The St. Simons Island Lighthouse is still operational.  It was built in 1810, destroyed by Confederate troops to prevent its use by Union forces, and then rebuilt in 1872.

We were heading for Brunswick Harbor Marina, which is easily located by passing under the Sidney Lanier Bridge and hanging a right.


Some of our neighbors on the way to the marina.

We were planning on staying only a few days in Brunswick before heading offshore to St. Augustine, FL, but the offshore weather is getting ugly again.  Instead, we will be staying in Brunswick at least through this week and will make our next leg a three-day passage from Brunswick to Ft. Pierce, FL.

In the meantime, we are enjoying the amazing hospitality at this marina (which will be its own post) and are looking forward to our first Cruisers’ Thanksgiving celebration among our tribe.

The journey from Port Royal, SC, to Brunswick, GA, was 21 hours for 106.9 nm.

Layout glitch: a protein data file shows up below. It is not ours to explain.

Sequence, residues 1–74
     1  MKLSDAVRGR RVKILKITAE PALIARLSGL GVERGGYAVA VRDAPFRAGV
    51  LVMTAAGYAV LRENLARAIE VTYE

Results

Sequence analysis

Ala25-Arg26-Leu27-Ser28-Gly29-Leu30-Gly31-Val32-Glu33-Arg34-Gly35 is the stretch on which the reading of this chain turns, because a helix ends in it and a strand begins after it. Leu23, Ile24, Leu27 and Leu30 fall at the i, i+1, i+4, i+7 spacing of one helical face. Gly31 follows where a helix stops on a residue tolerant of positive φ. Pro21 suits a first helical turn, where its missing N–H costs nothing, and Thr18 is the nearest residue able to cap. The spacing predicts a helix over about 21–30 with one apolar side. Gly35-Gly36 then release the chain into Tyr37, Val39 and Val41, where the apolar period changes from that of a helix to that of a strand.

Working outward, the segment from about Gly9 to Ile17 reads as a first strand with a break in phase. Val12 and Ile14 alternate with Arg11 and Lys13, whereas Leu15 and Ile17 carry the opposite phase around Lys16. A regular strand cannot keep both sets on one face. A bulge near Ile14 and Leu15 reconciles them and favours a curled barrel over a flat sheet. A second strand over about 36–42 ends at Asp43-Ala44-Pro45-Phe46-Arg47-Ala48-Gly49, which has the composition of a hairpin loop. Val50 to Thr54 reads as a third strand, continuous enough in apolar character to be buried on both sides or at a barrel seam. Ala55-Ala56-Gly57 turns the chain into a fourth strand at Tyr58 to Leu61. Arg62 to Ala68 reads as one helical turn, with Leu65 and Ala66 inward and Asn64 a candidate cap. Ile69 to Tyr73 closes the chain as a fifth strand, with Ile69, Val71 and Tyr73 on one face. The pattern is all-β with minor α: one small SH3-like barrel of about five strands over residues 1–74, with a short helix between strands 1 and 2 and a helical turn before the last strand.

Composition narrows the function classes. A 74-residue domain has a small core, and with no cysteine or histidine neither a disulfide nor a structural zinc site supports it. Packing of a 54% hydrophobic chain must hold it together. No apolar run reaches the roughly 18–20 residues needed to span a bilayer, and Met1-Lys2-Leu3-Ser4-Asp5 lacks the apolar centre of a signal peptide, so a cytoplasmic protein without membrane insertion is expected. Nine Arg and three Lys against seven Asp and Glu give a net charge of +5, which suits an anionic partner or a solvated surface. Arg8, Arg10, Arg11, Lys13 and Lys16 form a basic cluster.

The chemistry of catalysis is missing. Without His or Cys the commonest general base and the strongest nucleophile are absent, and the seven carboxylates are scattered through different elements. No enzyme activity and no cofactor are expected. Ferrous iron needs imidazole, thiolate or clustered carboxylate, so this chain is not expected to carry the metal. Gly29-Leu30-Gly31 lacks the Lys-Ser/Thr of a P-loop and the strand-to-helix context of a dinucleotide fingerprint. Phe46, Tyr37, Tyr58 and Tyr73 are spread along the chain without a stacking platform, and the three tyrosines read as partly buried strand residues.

Posted in GA, Marinas, Offshore, SC

Nov. 11-15, 2017: Hanging Out in Port Royal, SC

We were planning on staying in Port Royal for three days, but unending offshore winds convinced us to stay an extra few days.

Port Royal is due south of Beaufort and just north of Parris Island (of Marine Corps fame).  Both Beaufort, which we visited earlier this year, and Port Royal are on Port Royal Island.  Port Royal was one of the earliest British settlements in what was to become South Carolina.  We have been watching season four of Black Sails, which is a television series about pirates, and in the episode we watched last night, the embattled governor of Nassau is fleeing to Port Royal.  How cool is that!

If there’s one thing that this area never seems to lack, it’s strong current.  Add the honking winds that have been blowing, and it’s been quite a rodeo here at the dock.  The transient dock at Port Royal Landing Marina consists of two facing docks that also house the gas and diesel pumps in the middle.